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Species

Active

Passive

Eptesicus fuscus

94

405

Lasiurus cinereus

3

14

Lasiurus borealis

27

150

Lasionycteris noctivagans

19

7

Myotis leibii

66

10

Myotis lucifugus

172

523

Myotis septentrionalis

79

84

Myotis sodalis

87

0

Pipistrellus subflavus

10

128

Get started with BatCallsDVD

Learning to recognize bat calls is a daunting task. Bat calls from any particular species are not "cookie cutter" shaped, but can be somewhat variable across sequences. Your ability to organize calls to species is directly related to how much time you spend becoming familiar with all the calls a species may utter. And after staring at hundreds of calls, it's great to have a handy resource to refresh your memory and compare your own reference calls to. We spent hundreds of hours collecting calls from hand-released, light tagged, and ziplined bats. Hundreds of hours have been spent recording free-flying bats in the wild. And many more hours have been spent grouping all these calls to species. We can now pass this data onto other parties who may very quickly become familiar with our Northeast bat calls and start forming their own personal call library.

This is a collection of bat calls recorded directly into a laptop using a Pettersson 240x and the SonoBat software or an Iriver digital recorder. Recordings were made from 2004 to the present. We include hundreds of calls from common species, including handfuls of calls from threatened and endangered animals. In all, almost 4 gigabytes of data are here sorted to species,and/or include descriptive notes.

Call analysis can be a subjective art that is only as good as the observer. Only by spending the time reviewing hundreds of calls will the unusual ones really stand out. While BatCalls forms an excellent base for a call library, users are encouraged to collect their own calls from bats they personally identify, as this is the best way to evolve the learning.

Roadmap of the night
This is a collection of our best bat calls recorded directly into a laptop or Iriver digital recorder using a Pettersson 240x and the SonoBat software from 2004 to the present. The calls were recorded in Pennsylvania, New York, Iowa, West Virginia, New Hampshire, Arizona, Vermont, and Kentucky We also include small numbers of active recordings made of 10 western bat species, and keys to acoustic ID.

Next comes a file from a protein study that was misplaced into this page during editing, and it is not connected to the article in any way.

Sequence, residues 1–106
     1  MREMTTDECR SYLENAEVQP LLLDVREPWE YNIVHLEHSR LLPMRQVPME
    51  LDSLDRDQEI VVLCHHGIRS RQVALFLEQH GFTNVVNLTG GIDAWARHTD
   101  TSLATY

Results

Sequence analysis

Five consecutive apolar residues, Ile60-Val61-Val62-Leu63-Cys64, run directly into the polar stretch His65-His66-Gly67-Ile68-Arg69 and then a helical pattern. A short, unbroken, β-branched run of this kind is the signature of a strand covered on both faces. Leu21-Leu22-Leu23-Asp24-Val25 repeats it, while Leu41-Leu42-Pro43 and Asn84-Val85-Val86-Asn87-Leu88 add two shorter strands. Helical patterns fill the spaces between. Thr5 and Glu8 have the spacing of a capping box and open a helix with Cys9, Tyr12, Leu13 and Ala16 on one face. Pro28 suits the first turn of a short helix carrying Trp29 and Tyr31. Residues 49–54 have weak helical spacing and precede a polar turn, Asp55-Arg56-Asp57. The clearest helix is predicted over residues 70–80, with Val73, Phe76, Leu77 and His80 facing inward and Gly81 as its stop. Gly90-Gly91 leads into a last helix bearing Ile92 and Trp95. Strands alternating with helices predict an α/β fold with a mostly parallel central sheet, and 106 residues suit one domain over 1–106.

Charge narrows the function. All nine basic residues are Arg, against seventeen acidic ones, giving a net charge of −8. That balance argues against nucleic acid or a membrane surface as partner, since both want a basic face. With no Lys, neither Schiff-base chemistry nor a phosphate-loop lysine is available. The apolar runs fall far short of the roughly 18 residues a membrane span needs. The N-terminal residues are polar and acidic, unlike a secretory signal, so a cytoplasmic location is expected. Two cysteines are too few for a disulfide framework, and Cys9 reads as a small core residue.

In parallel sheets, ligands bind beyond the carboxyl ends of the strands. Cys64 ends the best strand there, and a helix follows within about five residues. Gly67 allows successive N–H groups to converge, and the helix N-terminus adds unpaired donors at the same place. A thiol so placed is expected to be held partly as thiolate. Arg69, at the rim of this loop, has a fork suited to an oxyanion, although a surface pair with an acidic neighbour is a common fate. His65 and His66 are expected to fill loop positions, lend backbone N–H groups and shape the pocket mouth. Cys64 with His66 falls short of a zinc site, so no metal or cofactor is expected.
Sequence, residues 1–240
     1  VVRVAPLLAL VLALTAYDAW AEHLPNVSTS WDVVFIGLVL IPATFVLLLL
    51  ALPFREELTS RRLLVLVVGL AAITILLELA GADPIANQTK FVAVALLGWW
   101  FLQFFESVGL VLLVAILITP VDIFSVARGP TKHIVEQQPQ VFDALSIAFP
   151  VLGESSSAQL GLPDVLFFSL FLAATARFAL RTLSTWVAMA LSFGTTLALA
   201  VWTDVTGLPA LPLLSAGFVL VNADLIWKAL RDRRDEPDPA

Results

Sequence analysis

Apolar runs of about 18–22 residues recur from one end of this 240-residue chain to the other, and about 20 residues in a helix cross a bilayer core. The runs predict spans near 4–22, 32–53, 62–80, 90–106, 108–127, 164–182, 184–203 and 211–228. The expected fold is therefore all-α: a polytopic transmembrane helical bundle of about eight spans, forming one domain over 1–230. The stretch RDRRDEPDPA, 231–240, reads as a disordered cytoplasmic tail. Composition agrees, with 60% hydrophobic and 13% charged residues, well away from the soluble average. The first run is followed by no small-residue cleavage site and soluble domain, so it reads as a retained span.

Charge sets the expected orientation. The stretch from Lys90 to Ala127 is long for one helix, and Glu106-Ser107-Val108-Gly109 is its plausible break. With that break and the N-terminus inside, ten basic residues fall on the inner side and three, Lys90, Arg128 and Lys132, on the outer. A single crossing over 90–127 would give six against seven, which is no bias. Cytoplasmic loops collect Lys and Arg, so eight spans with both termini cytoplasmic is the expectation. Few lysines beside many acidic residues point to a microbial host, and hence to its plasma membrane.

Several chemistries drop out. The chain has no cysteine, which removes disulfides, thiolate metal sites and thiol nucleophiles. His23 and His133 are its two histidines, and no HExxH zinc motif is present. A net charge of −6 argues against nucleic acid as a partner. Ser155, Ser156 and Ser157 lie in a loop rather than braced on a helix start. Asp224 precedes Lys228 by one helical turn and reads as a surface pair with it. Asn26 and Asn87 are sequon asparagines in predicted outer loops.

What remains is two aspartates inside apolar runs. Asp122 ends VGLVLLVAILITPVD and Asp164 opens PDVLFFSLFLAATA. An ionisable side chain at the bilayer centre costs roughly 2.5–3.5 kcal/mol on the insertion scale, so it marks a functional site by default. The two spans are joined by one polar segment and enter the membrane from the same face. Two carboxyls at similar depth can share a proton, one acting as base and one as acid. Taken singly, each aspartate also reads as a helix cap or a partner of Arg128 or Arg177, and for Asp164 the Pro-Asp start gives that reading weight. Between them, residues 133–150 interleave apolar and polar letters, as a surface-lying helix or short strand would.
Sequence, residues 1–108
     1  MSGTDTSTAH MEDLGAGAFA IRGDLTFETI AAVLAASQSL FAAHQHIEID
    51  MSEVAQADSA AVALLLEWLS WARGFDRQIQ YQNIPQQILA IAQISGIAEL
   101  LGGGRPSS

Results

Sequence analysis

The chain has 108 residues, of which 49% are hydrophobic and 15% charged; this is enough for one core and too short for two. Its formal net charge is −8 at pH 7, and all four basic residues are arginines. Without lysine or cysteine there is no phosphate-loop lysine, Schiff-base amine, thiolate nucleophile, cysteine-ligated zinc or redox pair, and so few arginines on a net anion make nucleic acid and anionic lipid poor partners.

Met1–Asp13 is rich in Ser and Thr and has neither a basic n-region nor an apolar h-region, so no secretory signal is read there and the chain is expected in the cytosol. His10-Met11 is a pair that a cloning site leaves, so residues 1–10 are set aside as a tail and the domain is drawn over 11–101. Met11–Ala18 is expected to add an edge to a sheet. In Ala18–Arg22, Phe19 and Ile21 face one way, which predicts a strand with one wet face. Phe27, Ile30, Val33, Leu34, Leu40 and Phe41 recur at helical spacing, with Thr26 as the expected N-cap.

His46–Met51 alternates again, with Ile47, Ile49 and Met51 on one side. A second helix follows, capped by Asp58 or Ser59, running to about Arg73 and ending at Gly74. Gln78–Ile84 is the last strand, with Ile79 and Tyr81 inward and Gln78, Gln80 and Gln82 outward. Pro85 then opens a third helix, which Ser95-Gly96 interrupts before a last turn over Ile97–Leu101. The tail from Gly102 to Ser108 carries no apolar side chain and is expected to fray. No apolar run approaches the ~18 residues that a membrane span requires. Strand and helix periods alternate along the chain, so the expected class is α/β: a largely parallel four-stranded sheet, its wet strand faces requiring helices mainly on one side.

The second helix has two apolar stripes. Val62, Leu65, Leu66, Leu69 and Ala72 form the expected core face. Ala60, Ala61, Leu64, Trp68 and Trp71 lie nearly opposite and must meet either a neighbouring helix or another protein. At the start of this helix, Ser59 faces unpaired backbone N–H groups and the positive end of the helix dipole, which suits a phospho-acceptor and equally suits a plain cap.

cd
BatCallsDVD
Single user price $425.00
MAC & WIN Requires SonoBat or Batsound

Ships in the USA based on weight. Shipping charge will be calculated during checkout. International shipping will be quoted after you place your order.

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Representative calls of nine bat species recorded in the Northeast US

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Hit the ground running

Package contents
The library is organized by location and then bat species. There are two kinds of files on the disk; positive calls, and field examples.

Active Recording Calls are obtained after a bat was positively identified in the hand. The recording was made after the bat was hand released, light tagged, or ziplined. Some reference calls obtained in this fashion may not be representative of a naturally free-flying bat. All bats were individually identified by John Chenger, recognized by the USFWS as a certified Indiana bat consultant. Each file represents about 5 representative calls over a single sequence as compiled using the SonoBat Reference Call Compiler utility. Each file contains notes as to how the recording was obtained and what environment the animal was in. Also included are a bonus pack of full Indiana bat sequences recorded in Iowa, New York, Vermont, and New Jersey, 83 IBAT sequences in all.

Passive Monitoring Examples were recorded at a survey station with little or no disturbance nearby. While the animal was never seen by an observer, the calls were later analyzed and grouped to species based on the best available references. These calls are representative of what would actually be recorded in the field, with the drawback being the species ID is not necessarily 100% positive. Field examples are actual recordings from some of our selected summer mist net projects. They are time expanded call sequences up to 17 seconds long. They contain between 5 to 15 individual calls exactly as recorded when the animal passed by the detector. These sequences have been sorted to species and provide the user with plenty of examples of what to expect when passive monitoring. In addition, some files were recorded in front of well known roosts as bats swarmed or emerged, providing representative calls that we can assume to be big brown or grey bats.

Files included in BatCalls:

10 Additional western species not listed. 3.7 gigabyte DVD. Recorded in AZ, PA, NY, KY, IA, NH, VT, NJ, and WV. Content subject to change without notice.